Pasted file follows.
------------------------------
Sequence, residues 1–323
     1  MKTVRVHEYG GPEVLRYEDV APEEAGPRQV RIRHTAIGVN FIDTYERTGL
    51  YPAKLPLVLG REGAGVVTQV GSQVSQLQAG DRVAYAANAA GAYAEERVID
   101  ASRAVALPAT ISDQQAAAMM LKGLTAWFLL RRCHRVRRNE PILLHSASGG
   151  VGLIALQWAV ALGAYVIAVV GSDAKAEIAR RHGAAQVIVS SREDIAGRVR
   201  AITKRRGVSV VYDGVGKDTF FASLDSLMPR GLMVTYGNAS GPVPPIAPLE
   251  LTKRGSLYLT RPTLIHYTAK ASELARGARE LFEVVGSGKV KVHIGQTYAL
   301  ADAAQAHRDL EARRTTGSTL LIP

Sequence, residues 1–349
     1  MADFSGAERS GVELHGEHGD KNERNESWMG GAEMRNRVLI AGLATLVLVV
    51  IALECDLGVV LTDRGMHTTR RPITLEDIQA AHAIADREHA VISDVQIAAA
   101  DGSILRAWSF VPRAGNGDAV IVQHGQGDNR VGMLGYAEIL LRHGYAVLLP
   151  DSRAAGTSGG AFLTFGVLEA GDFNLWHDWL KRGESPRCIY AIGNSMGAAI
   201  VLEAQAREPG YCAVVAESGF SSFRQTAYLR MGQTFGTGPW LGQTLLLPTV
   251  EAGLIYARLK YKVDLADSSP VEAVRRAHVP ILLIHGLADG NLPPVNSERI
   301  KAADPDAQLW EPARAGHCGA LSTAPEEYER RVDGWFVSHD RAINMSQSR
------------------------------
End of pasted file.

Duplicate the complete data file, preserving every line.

Sequence, residues 1–323
     1  MKTVRVHEYG GPEVLRYEDV APEEAGPRQV RIRHTAIGVN FIDTYERTGL
    51  YPAKLPLVLG REGAGVVTQV GSQVSQLQAG DRVAYAANAA GAYAEERVID
   101  ASRAVALPAT ISDQQAAAMM LKGLTAWFLL RRCHRVRRNE PILLHSASGG
   151  VGLIALQWAV ALGAYVIAVV GSDAKAEIAR RHGAAQVIVS SREDIAGRVR
   201  AITKRRGVSV VYDGVGKDTF FASLDSLMPR GLMVTYGNAS GPVPPIAPLE
   251  LTKRGSLYLT RPTLIHYTAK ASELARGARE LFEVVGSGKV KVHIGQTYAL
   301  ADAAQAHRDL EARRTTGSTL LIP

Sequence, residues 1–349
     1  MADFSGAERS GVELHGEHGD KNERNESWMG GAEMRNRVLI AGLATLVLVV
    51  IALECDLGVV LTDRGMHTTR RPITLEDIQA AHAIADREHA VISDVQIAAA
   101  DGSILRAWSF VPRAGNGDAV IVQHGQGDNR VGMLGYAEIL LRHGYAVLLP
   151  DSRAAGTSGG AFLTFGVLEA GDFNLWHDWL KRGESPRCIY AIGNSMGAAI
   201  VLEAQAREPG YCAVVAESGF SSFRQTAYLR MGQTFGTGPW LGQTLLLPTV
   251  EAGLIYARLK YKVDLADSSP VEAVRRAHVP ILLIHGLADG NLPPVNSERI
   301  KAADPDAQLW EPARAGHCGA LSTAPEEYER RVDGWFVSHD RAINMSQSR